General Description / Cultural Significance
Israel is a Middle Eastern country located on the Mediterranean sea. It is considered a biblical holy land and is sacred to Jews, Christians, and Muslims. Olive trees have inhabited the land that is Israel for millennia. They produce tons of edible olives that are used in various ways and in various products, and provide a livelihood for many people in the country. It is considered their national tree and is a symbol for the country. The olive branch is a symbol of peace for which the Israelis say they strive. There is archaeological evidence in the form of fossil pollen that has indicated that olives were first domesticated in Israel 7,000 years ago.
Olives and olive oil were a staple of ancient economies in the region and invaluable for cooking, lighting, medicinal healing, and ritual purposes. The same is true today. It is believed that a small olive oil jar lit the menorah in the Second Temple in Jerusalem for eight whole days. This is just one of the ways the olive tree is connected to religious practices. The most common varieties of olives grow are Barnea, Nubo, Picholine, Picoel, Maalot, Muhsan, Manzenillo, and Zuri.
As part of Israel’s occupation of Palestine, Israelis have uprooted an estimated 830,000 olive trees between 1967 and 2009. The UN reports that in the five years after that, 50,000 trees were destroyed. These olive trees have extreme longevity but are slow-growing, so are virtually irreplaceable in a lifetime.
Climate Change/Conservation Status
Israel is experiencing a reduction in the amount of rainfall and distribution of the precipitation. There are already changes in the sea level as well, and they anticipate the potential of saltwater infiltration of their aquifer’s groundwater. They are also experiencing harsher and longer heat waves.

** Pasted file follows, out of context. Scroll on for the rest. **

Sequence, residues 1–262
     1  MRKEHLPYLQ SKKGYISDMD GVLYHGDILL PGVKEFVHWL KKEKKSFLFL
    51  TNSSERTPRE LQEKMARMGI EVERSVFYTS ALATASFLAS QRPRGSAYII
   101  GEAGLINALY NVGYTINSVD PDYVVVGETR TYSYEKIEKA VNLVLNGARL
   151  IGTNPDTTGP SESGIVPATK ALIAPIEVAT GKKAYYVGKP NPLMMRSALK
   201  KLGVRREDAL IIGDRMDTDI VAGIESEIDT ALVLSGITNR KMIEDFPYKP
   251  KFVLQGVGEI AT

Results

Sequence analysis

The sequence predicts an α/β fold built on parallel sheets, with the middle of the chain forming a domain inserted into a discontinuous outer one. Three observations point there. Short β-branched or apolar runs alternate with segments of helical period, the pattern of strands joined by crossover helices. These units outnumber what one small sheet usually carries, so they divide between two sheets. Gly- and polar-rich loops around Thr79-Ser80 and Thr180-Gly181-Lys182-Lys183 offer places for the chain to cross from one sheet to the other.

Farmers find it increasingly difficult to grow olive trees because the conditions outdoors have become so hot and unfit for activity, and because the trees require water during droughts. While olive trees are good at enduring extreme heat, it is clear that they are affected by climate change. Even though the IUCN does not list the olive tree as endangered, willful destruction and climate change have greatly reduced their numbers. Additionally, since 2017, Israel has seen a sizeable decline in olive production as a result of challenging weather, droughts, insect infestations, and diseases.
Bowen, Jeremy. “Israel and the Palestinians: A conflict viewed through olives.” BBC News. December 2014. https://www.bbc.com/news/world-middle-east-30290052.
David, Ariel. “Olives First Domesticated 7,000 Years Ago in Israel, Study Says.” Haaretz. 2020. https://www.haaretz.com/archaeology/.premium-olives-first-domesticated-7-000-years-ago-in-israel-study-says-1.8663128.
Information Office, Embassy of Israel, Original Research for World Sensorium, World Sensorium Original Website.
“Olive.” Keren Kayemeth LeIsrael Jewish National Fund. https://www.kkl-jnf.org/tourism-and-recreation/touring-holy-land/trees/olive.aspx